A serpentine belt, also known as a drive belt, engine belt, multi-rib, or poly-v belt, is a crucial part of your car’s engine.
Let me explain exactly what it is and how it works.
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What Is A Serpentine Belt In A Car?
The serpentine belt transfers power from the engine’s crankshaft to the accessory pulleys. It’s designed to be thin and flat with multiple grooves or “ribs” on the inside, which match the rib pattern of the pulleys on the accessory units. This helps keep the belt in place and ensures smooth functioning.
This single, continuous belt is used to drive multiple peripheral devices in an automotive engine, such as:
- Power steering pump
- Water pump
- Air conditioning compressor
- Air pump
What Does A Serpentine Belt Look Like?
The serpentine belt has a snake-like appearance – which is where it gets its name. It is constructed from rubber and reinforced with fiberglass or Kevlar cords.
You can usually spot this belt in the front of the engine block.
Your serpentine belt will usually have ribs or grooves along its inner surface. These help the belt grip the various pulleys it’s wrapped around and prevent it from slipping. It’s not too wide, but its length varies depending on your car’s particular setup.
The color of a serpentine belt can range anywhere from black to dark blue or even grey. Over time, it might begin to look dirty or covered in grime due to the dust and debris it encounters while your engine runs.
Do All Cars Have Serpentine Belts?
Not all cars actually have a serpentine belt. Before timing and serpentine belts became standard, many older cars used timing chains and V-belts.
New gas or diesel-driven cars, however, have serpentine belts.
You also don’t find serpentine belts in electric cars.
Where Is The Serpentine Belt Located?
If you pop your hood and peek at the engine, you can see the serpentine belt spinning around several parts and pulleys. These pulleys are connected to various components like the alternator, power steering pump, water pump, air conditioning compressor, and air pump.
In case you’re still having trouble spotting the serpentine belt, consult your owner’s manual for the exact location and a diagram of your engine’s layout.
Now, you might encounter a situation where some components or engine covers obstruct the serpentine belt, making it slightly trickier to get to. Though not impossible, gaining access to the belt might require the removal of a few parts.
Remember, you can also refer to the serpentine belt routing diagram in your owner’s manual or under the hood for guidance on locating and working with the serpentine belt.
How Long Do Serpentine Belts Last?
Serpentine belts on older cars normally last up to 50,000 miles. Newer serpentine belts made from EPDM (ethylene propylene diene monomer) can keep on going for up to 100,000 miles.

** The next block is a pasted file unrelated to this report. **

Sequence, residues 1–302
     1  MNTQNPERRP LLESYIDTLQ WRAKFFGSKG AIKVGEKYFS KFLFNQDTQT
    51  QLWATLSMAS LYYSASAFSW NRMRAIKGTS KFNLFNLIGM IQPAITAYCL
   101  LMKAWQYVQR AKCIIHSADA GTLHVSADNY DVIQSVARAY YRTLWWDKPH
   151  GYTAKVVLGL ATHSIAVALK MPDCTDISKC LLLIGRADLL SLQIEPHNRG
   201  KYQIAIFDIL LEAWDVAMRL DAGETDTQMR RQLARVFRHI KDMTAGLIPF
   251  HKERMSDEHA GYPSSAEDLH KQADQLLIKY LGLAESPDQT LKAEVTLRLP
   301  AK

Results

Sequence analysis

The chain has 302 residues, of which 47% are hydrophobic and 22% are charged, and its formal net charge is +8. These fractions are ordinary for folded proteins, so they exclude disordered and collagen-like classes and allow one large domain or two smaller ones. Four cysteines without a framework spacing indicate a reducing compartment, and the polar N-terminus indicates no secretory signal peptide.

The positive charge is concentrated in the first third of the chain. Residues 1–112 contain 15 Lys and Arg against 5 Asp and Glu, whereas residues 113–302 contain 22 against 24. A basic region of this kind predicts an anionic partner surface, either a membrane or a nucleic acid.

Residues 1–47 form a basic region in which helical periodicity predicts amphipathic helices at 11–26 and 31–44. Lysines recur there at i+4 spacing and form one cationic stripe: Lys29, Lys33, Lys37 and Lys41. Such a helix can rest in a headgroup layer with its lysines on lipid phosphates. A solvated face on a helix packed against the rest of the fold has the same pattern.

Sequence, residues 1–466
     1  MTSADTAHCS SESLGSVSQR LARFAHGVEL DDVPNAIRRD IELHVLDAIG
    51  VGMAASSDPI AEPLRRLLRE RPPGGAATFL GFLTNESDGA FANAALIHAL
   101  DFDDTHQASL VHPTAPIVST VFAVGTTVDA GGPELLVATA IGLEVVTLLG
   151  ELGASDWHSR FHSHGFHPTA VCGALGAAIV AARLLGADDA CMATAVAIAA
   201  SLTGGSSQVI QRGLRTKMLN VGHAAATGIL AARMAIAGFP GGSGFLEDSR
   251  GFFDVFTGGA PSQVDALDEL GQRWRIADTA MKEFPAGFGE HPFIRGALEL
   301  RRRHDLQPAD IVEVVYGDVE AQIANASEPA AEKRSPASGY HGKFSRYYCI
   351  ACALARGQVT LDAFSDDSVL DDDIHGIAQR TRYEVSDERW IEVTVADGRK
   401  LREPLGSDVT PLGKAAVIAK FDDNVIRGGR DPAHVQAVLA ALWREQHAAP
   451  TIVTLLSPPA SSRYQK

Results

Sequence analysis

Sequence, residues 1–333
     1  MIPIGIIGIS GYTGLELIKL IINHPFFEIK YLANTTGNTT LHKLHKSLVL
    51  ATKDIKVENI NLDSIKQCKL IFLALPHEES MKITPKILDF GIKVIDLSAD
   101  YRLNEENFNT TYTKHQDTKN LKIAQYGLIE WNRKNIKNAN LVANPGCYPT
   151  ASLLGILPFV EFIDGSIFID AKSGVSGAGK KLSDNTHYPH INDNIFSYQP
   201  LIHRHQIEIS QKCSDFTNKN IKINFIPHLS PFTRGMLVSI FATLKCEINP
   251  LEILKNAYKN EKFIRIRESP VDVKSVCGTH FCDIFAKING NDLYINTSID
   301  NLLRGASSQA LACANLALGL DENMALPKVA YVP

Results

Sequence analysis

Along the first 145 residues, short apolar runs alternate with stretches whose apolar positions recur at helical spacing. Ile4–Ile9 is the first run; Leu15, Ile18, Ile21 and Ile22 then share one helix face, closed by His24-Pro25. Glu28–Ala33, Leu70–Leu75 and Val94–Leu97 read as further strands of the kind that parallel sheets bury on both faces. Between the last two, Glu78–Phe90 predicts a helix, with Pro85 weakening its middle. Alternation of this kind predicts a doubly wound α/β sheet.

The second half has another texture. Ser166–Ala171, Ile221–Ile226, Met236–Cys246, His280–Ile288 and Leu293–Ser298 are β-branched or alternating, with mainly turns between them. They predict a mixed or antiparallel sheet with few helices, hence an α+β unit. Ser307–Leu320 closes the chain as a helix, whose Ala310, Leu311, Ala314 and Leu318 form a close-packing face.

How Much Do Serpentine Belts Cost?
New serpentine belts cost from $25 to $75. The price for a used belt may range between $10 and $30.
To give you a clearer picture, here’s a handy table with the approximate costs.
|Belt Type||Price Range|
|New||$25 – $75|
|Scrap Yard||$10 – $30|
However, it might not be worth it as used serpentine belts may already be worn.
You might also find them online. Besides serpentine belts, you can search for “engine belts” or “drive belts“. It’s the same thing!
How Much Does It Cost To Replace A Serpentine Belt?
The labor cost for replacing a serpentine belt can range from $80 to $250. The actual cost depends on how accessible the belt is on your specific car model and of course, the hourly fee of the mechanic is a factor.
What Happens When A Serpentine Belt Breaks?
When your serpentine belt breaks, you’ll likely notice some immediate symptoms. You may hear a squealing noise coming from the front of your vehicle, indicating slippage or misalignment of the belt.
Your engine might also start to run less smoothly.
Can you continue driving with a faulty serpentine belt?
As for driving without a serpentine belt, it’s not recommended – even for short distances. Your vehicle’s engine relies on this belt to operate smoothly, and without it, you might face costly and potentially dangerous consequences.
The belt is responsible for transferring power to multiple components in your car’s engine, so when it breaks or malfunctions, those components won’t receive the power they need to function properly.
For example, you might experience problems with:
- your power steering,
- air conditioning,
- and alternator.
Can You Replace A Serpentine Belt Yourself?
Sure, you can replace a serpentine belt yourself.
What you’ll need:
- Correct replacement serpentine belt for your car
- Basic hand tools (sockets and wrenches)
- Tensioner tool or long-handled wrench
Step 1: Locate the serpentine belt. Look around under the hood, and you should see the serpentine belt snaking around various pulleys.
Step 2: Study the belt routing diagram. Most vehicles have a diagram under the hood or in the owner’s manual. This will help you reinstall the new belt correctly. If you can’t find a diagram, take a picture of the current belt routing before you remove it.
Step 3: Release tension and remove the old belt. Using a tensioner tool or a wrench, apply pressure to the tensioner pulley to release tension on the serpentine belt.
Slide the belt off the pulleys and unwind it.
Step 4: Compare the old and new belts.
It’s always a good idea to compare the old belt to the new one, making sure they are the same size and type.
Step 5: Install the new belt. Following the belt routing diagram or your picture, start threading the new belt around the pulleys. Keep in mind, you’ll need to hold the tensioner slack with one hand while you finish routing the belt.
Step 6: Check the alignment. Ensure the belt is properly seated on all pulleys and within grooves. Misaligned belts can cause premature wear or damage to the belt and pulleys.
That’s it! You’ve successfully replaced your serpentine belt.